Disillusioned, Cameron, Jane and Adam decide to run away from the camp under cover of an early morning hike. They walk to a nearby road and hitchhike away.



In November 2016, it was announced Chloë Grace Moretz, Sasha Lane, John Gallagher Jr., Forrest Goodluck and Jennifer Ehle had all been cast in the film, with Desiree Akhavan directing the film, from a screenplay co-written with Cecilia Frugiuele.

Michael B. Clark, Alex Turtletaub, Jonathan Montepare and Frugiuele served as producers, with Akhavan and Olivier Kaempfer as executive producers, under their Beachside and Parkville Pictures banners.[4][5][6]


Principal photography began in November 2016 in New York State.[7][8]


The film had its world premiere at the Sundance Film Festival on January 22, 2018, where it won the Grand Jury Prize for US Drama, the festival's highest honor.[9][10][11][12] Shortly after, FilmRise and Vertigo Releasing acquired US and UK distribution rights to the film, respectively.[13][14] The film went onto screen at the Tribeca Film Festival on April 22, 2018.[15]

It was originally scheduled to be released in the United States on August 10, 2018,[16] at the Kaleidoscope Film Festival in Arkansas,[17] however it was pushed forward by a week to August 3, 2018. It was scheduled to be released in the United Kingdom on August 31, 2018, but was pushed back to September 7, 2018.[18]


The Miseducation of Cameron Post has received positive reviews from film critics. On review aggregation website Rotten Tomatoes it has a score of 86% based on 188 reviews, with an average rating of 7.5/10. The website's critical consensus reads, "The Miseducation of Cameron Post tells its timely coming-of-age story with wit, compassion, and an affecting overall generosity of spirit."[19] On Metacritic, the film holds a rating of 69 out of 100, based on reviews from 36 critics, indicating "generally favorable reviews".[20]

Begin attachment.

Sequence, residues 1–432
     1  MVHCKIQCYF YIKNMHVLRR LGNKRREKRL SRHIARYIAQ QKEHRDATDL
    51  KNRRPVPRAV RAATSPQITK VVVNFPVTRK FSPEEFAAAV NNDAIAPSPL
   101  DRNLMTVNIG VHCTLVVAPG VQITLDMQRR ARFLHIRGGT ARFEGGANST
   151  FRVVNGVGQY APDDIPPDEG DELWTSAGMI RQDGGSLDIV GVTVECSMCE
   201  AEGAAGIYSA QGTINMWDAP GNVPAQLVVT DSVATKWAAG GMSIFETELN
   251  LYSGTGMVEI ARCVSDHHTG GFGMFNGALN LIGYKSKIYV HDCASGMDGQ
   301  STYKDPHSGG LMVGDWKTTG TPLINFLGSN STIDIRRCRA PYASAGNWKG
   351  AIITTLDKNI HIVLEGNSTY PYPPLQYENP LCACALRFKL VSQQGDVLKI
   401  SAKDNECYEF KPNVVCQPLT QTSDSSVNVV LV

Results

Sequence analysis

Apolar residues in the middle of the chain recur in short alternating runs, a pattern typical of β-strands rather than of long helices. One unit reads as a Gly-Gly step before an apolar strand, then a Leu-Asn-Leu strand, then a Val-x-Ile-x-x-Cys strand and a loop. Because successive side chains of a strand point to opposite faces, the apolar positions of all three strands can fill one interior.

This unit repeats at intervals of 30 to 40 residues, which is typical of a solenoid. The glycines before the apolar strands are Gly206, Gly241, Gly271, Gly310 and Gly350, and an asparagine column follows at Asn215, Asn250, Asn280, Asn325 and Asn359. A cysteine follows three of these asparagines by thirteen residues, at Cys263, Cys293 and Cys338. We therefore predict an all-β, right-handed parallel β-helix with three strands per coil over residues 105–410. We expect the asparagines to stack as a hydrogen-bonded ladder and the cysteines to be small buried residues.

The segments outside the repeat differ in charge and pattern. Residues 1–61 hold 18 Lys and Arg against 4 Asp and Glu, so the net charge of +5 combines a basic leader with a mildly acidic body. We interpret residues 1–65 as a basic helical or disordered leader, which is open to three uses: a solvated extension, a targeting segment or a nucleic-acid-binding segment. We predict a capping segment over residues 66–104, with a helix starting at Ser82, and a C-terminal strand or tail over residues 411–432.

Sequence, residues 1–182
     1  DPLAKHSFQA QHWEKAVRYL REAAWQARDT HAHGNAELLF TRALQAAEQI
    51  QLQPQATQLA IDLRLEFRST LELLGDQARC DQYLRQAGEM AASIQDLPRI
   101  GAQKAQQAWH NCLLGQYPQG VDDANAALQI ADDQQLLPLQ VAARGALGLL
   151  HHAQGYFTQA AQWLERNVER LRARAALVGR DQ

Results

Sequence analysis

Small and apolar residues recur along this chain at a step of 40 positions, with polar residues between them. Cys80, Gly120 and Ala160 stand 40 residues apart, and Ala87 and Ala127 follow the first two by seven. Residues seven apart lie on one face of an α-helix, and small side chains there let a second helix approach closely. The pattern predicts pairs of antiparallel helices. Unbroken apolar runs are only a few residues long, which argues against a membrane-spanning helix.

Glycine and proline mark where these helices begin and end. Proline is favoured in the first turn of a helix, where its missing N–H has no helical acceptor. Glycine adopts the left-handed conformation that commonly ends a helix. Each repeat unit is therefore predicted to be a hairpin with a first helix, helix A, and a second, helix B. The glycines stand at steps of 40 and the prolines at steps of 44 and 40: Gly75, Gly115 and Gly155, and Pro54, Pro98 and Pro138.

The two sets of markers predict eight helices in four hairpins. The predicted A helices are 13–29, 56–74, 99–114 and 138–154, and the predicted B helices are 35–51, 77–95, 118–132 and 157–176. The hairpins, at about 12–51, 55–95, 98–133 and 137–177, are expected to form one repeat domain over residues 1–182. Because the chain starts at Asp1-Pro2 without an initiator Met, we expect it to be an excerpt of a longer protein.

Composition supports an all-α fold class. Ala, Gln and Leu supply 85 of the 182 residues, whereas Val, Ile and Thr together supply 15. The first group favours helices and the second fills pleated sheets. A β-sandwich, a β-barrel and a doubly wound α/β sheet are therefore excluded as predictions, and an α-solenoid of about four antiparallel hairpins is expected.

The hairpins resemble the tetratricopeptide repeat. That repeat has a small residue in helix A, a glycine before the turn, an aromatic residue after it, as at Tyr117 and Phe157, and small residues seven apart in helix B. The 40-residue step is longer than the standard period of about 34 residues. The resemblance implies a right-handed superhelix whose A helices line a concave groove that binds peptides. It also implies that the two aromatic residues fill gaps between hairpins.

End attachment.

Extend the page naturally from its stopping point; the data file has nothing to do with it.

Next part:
1. ^ "The Miseducation of Cameron Post". Sundance Film Festival. Archived from the original on February 13, 2019. Retrieved December 13, 2017.
  2. ^ Anderson, Ariston (October 26, 2018). "Chloe Grace Moretz Opens Up About Acting, Anxiety and "Becoming an Adult"". The Hollywood Reporter. Retrieved October 26, 2018.
  3. ^ "The Miseducation of Cameron Post (2018)". The Numbers. Nash Information Services, LLC. Retrieved December 30, 2022.
  4. ^ Siegel, Tatiana (November 18, 2016). "Chloe Grace Moretz, Sasha Lane to Star in Gay Conversion Drama 'The Miseducation of Cameron Post'". The Hollywood Reporter. Retrieved November 18, 2016.
  5. ^ McNary, Dave (November 18, 2016). "Chloe Grace Moretz, Sasha Lane Starring in 'Miseducation of Cameron Post'". Variety. Retrieved November 18, 2016.
  6. ^ Hipes, Patrick (November 18, 2016). "Chloë Grace Moretz To Star In Pic Based On 'The Miseducation Of Cameron Post'". Deadline Hollywood. Retrieved November 18, 2016.
  7. ^ Biancolli, Amy (May 23, 2018). "Filmmakers transform Hudson Valley's geography into versatile landscapes". Times Union. Retrieved July 4, 2023.
  8. ^ Platt, Frances Marion (February 26, 2018). "Two Hudson Valley-produced films win big at Sundance". Hudson Valley One. Retrieved July 4, 2023.
  9. ^ Olsen, Mark; Anderson, Tre'vell (January 28, 2018). "'The Miseducation of Cameron Post,' 'Burden' take top prizes at a quiet Sundance Film Festival". Los Angeles Times. Retrieved April 9, 2018.
  10. ^ Olsen, Mark (August 2, 2018). "'The Miseducation of Cameron Post' and the lessons of the Sundance grand jury prize for Desiree Akhavan". Los Angeles Times.
  11. ^ "2018 Sundance Film Festival: Feature Films Announced". Sundance Film Festival. November 29, 2017. Archived from the original on December 22, 2017. Retrieved November 29, 2017.
  12. ^ "Sundance Program Schedule" (PDF). Sundance Film Festival. Archived from the original (PDF) on December 15, 2017. Retrieved December 14, 2017.
  13. ^ Siegel, Tatiana (March 23, 2018). "Sundance Grand Jury Winner 'Miseducation of Cameron Post' Lands at FilmRise". The Hollywood Reporter. Retrieved March 23, 2018.
  14. ^ Grater, Tom (March 27, 2018). "Sundance Grand Jury prize winner 'The Miseducation Of Cameron Post' gets UK deal (exclusive)". Screen Daily. Retrieved March 28, 2018.
  15. ^ "The Miseducation of Cameron Post". Tribeca Film Festival. Archived from the original on July 9, 2019. Retrieved April 23, 2018.
  16. ^ "The Miseducation of Cameron Post". Laemmle Theatres. Retrieved April 11, 2018.
  17. ^ "Kaleidoscope Film Festival continues". Arkansas Times. August 16, 2018. Retrieved July 4, 2023.
  18. ^ "The Miseducation of Cameron Post". Launching Films. Archived from the original on June 12, 2018. Retrieved March 28, 2018.
  19. ^ "The Miseducation of Cameron Post (2018)". Rotten Tomatoes. Fandango. Retrieved December 30, 2022.
  20. ^ "The Miseducation of Cameron Post Reviews". Metacritic. Retrieved December 1, 2018.